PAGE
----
Monday 3 February 2020

They survived fire and toxic fumes. So what happened next to Notre Dame's bees?

Hives that survived catastrophic Paris cathedral blaze are healthier than ever, says beekeeper

Kim Willsher in Paris

Fri 31 Jan 2020 06.00 GMTLast modified on Fri 31 Jan 2020 13.35 GMT

It is a crisp winter morning and the area around Notre Dame is sealed off as it has been since the fire last April that devastated the cathedral.

Those in the know, however, especially those with the keenest of eyes, might spot some small movement high up to the south of the stricken and blackened structure.

The bees of Notre Dame, whose escape from the inferno seemed almost miraculous, are thriving and conserving their energy ready to produce honey this summer, just as they have every year since they took up residence on the sacristy roof in 2013.

Nearly 10 months after the Paris cathedral was ravaged by fire, the three colonies are healthier than ever, according to their beekeeper.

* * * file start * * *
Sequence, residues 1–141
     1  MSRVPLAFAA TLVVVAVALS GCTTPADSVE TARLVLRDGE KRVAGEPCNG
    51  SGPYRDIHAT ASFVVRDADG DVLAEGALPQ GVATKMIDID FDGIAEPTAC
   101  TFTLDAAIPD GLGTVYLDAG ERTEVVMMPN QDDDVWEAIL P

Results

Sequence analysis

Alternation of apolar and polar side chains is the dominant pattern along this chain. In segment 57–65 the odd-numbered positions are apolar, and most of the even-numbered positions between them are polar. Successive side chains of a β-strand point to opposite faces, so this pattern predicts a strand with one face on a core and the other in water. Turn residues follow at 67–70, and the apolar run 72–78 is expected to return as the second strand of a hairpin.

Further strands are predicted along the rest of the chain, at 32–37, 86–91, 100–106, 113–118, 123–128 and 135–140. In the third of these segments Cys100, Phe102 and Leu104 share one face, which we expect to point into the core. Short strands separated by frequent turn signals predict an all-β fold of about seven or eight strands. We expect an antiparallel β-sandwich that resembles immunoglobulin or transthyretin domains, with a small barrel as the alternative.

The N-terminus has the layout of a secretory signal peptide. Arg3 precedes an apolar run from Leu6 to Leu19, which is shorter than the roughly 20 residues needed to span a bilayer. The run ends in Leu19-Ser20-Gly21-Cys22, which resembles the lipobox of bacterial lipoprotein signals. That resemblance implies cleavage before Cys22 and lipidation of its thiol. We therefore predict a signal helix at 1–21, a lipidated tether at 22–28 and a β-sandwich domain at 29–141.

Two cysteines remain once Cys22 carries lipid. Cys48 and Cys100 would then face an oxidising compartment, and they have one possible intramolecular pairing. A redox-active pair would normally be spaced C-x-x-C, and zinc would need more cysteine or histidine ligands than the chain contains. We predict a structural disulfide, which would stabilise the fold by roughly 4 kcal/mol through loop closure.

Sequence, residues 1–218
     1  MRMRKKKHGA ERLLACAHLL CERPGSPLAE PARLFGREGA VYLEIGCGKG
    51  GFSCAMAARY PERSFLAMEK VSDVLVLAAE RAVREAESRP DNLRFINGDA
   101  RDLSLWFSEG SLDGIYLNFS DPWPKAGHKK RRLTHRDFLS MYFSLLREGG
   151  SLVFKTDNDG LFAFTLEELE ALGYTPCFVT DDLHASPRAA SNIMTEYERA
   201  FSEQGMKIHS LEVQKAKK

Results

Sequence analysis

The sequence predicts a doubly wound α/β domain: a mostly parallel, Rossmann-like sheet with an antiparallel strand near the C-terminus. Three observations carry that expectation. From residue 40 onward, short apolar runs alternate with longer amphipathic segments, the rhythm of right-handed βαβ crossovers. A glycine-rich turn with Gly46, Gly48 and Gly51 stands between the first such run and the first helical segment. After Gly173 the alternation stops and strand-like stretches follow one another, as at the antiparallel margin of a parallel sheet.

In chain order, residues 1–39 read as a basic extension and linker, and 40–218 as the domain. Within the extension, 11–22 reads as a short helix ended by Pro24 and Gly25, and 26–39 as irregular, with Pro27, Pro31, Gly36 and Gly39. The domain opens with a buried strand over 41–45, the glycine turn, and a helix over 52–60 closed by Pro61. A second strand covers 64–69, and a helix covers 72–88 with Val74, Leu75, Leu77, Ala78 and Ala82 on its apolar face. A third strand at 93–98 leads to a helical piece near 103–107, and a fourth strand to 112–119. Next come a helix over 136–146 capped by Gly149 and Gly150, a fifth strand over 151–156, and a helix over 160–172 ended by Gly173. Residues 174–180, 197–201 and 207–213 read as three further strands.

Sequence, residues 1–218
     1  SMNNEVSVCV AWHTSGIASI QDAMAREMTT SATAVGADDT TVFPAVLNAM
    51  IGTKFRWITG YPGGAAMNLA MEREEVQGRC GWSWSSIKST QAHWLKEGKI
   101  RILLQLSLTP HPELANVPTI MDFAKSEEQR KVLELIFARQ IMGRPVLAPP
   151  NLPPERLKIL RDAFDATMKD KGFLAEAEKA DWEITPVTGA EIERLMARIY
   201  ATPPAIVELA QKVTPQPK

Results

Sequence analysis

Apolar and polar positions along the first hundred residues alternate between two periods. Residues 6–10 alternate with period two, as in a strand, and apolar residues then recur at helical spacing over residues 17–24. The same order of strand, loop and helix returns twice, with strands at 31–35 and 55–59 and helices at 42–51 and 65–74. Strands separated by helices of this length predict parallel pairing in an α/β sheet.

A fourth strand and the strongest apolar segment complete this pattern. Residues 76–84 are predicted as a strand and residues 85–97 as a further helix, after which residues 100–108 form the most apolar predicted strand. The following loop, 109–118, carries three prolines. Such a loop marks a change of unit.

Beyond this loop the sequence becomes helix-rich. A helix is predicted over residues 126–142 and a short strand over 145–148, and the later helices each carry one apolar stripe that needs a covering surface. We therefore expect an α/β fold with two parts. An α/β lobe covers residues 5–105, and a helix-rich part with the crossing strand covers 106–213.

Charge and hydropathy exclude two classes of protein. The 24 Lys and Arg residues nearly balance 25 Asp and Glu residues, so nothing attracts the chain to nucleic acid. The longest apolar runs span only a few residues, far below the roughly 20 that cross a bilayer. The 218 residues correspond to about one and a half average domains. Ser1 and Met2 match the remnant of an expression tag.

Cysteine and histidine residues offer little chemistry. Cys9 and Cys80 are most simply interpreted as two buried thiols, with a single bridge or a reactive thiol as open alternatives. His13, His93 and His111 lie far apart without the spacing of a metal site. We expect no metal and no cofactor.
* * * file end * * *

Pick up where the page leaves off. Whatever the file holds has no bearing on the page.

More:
Sibyle Moulin, who looks after the hives, spoke to the Guardian after she visited them for the first time in six months. Access to the site is restricted because the severely damaged 13th-century stone structure is still unstable and there is a risk from lead particles from the roof that was turned into dust in the blaze.

Moulin, who had to undergo a health and safety course to resume visits to the honey bees, said the 30-45,000 insects in the three hives are absolutely fine.

“There’s nothing wrong with them at all. The behaviour of the colonies is perfectly normal,” she said. “They’re not very active at this time of the year, but that’s how it should be. They seem fine.”

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